Clay Buchholz received positive news about the health of his shoulder when he visited the esteemed Dr. James Andrews on Monday. But how positive depends on who you ask.
Buchholz indicated on Tuesday that he may not be ready to pitch in a major league game until late August or early September.
“I definitely have a strain in there,” Buchholz said. “The strength of my shoulder was as good as it’s ever been. It’s all in the throwing motion.”
After speaking with Andrews, Buchholz believes the problem stems from his trying to push through the initial injury that occurred in June.
“It’s probably partly my fault because I want to come back more than probably anybody wants me to be back. Probably been pushing myself a little bit too much,” he said. “That was the problem we were running into. I’d feel really good for a day or two or three and then try and get off a mound and it’d be like a re-strain and start from square one again. That’s what I’ve been doing for a month and a half and it’s been miserable.”
Buchholz said the injury — a strained bursa sac — should heal fairly soon and that his shoulder is otherwise structurally sound. Andrews, in fact, told Buchholz that his shoulder was better than he might have expected for a 28-year-old major league pitcher.
But Andrews also counseled patience. According to Buchholz, Andrews told him not to try pitching off a mound until he could throw from 90 feet at full intensity and not feel any pain.
“That’s when the light comes on and I can start throwing off the mound,” Buchholz said.
Because Buchholz has not pitched in a game since June 8, he would need time to get in game shape. At a minimum, that would involve three bullpen sessions, a simulated game and then a minor league rehabilitation game.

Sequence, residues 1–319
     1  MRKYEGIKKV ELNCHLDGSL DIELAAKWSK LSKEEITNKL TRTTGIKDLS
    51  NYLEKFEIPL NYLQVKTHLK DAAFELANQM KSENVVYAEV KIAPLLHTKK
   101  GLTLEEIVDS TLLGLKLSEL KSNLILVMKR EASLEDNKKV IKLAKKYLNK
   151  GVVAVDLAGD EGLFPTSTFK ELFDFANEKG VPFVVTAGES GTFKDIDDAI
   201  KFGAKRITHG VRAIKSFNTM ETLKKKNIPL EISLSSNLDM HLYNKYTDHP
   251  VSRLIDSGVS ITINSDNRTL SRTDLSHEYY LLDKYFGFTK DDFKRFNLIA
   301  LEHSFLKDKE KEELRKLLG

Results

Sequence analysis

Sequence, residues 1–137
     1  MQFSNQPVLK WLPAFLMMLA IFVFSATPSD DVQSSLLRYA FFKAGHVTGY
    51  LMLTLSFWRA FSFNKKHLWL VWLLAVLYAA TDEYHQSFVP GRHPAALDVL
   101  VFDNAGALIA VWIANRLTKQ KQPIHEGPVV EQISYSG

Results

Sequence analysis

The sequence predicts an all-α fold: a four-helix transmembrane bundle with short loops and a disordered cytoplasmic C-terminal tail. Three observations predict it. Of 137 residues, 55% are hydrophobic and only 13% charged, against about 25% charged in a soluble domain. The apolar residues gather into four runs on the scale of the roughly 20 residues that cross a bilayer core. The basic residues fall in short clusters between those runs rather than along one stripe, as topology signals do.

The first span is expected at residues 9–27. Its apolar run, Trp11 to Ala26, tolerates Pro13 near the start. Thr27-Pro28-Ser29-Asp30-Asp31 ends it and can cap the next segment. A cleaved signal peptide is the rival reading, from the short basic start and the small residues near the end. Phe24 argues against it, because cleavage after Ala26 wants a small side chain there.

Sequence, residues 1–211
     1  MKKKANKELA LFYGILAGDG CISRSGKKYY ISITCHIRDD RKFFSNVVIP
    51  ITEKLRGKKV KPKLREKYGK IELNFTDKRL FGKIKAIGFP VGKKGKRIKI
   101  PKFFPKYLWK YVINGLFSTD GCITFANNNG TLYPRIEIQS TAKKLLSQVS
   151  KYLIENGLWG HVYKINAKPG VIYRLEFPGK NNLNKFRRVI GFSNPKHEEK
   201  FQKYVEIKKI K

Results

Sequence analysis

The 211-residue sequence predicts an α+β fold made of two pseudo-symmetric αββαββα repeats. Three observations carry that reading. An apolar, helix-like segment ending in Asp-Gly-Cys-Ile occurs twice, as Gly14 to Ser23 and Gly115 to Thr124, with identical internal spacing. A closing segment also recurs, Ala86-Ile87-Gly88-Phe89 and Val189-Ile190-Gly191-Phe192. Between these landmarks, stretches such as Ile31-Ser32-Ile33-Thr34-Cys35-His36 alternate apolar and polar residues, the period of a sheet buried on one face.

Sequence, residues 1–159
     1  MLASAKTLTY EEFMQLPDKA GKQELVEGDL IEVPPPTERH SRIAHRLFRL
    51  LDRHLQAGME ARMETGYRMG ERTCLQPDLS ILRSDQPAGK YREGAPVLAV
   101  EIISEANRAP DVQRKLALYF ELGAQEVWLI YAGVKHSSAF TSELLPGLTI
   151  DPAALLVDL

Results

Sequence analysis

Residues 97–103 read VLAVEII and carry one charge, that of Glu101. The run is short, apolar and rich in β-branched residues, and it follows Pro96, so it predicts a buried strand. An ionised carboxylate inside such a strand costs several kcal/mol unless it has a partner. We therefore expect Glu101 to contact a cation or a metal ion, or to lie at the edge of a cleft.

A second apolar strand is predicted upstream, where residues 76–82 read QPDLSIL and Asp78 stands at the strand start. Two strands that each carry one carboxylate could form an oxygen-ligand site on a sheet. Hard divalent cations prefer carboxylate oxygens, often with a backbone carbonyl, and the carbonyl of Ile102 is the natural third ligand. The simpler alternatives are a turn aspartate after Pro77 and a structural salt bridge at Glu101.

On Monday, Red Sox manager John Farrell said Buchholz would have “more readiness on his part to push through” any pain he felt.
Buchholz doesn’t necessarily agree with that.
“That’s another thing. If I do this too quick then I’m going to be dealing with it for the rest of the year,” he said. “I think that’s a risk for me because I wouldn’t be able to pitch right now. … Knowing that if I don’t do this right, [Andrews] said you can either pitch four or five starts in the last half of the season and hopefully we’re lucky enough to go to the playoffs and pitch in the playoffs. Or you can do it wrong and not pitch at all.”
Getting back for four or five starts would suggest Buchholz may not come off the disabled list for another month.
“There’s no timeline on it,” Buchholz said. “I’m gong to go as quick as I can at the comfort level that he told me to go at.”
Said Farrell: “Whatever time is needed, Clay is going to return to us when he’s ready.”
Buchholz said trying to pitch now would be fruitless.
“The last couple of bullpens that I’ve tried, it wouldn’t be fun for me to go out and pitch the way it felt. And that was going at 70 percent in the bullpen. I don’t want to imagine what it would feel like at 100 percent,” he said.
Buchholz said Andrew told him to be careful. “His exact words were, ‘This could turn into something if you allow it to. If you go out there and throw 100 percent it won’t be good,’ ” he said.
Farrell said the Red Sox will approach Buchholz’s return in phases.
“The reconditioning and the strength gains from a throwing standpoint to then incorporating the mound,” he said. “This will all be determined on Clay’s tolerance and how he responds to the increase in intensity.”
Buchholz was asked how confident he was about being able to start again this season.
“I said I was pretty confident I was going to pitch a month and a half ago. But I feel good about it knowing the steps that I have to take to get back and not pushing myself over the edge,” he said. “I feel pretty good about it.”
Said Farrell: “I think we’re still very optimistic he’s going to pitch for us. To be determined on the date.”
Buchholz was 9-0 with a 1.71 earned run average before he went on the disabled list.
“I was having the best season that I ever thought that I could have in this game. And I promise you I definitely want to be out there pitching. I feel like I wouldn’t give the team the best chance to win if I go out there at 60 percent,” he said.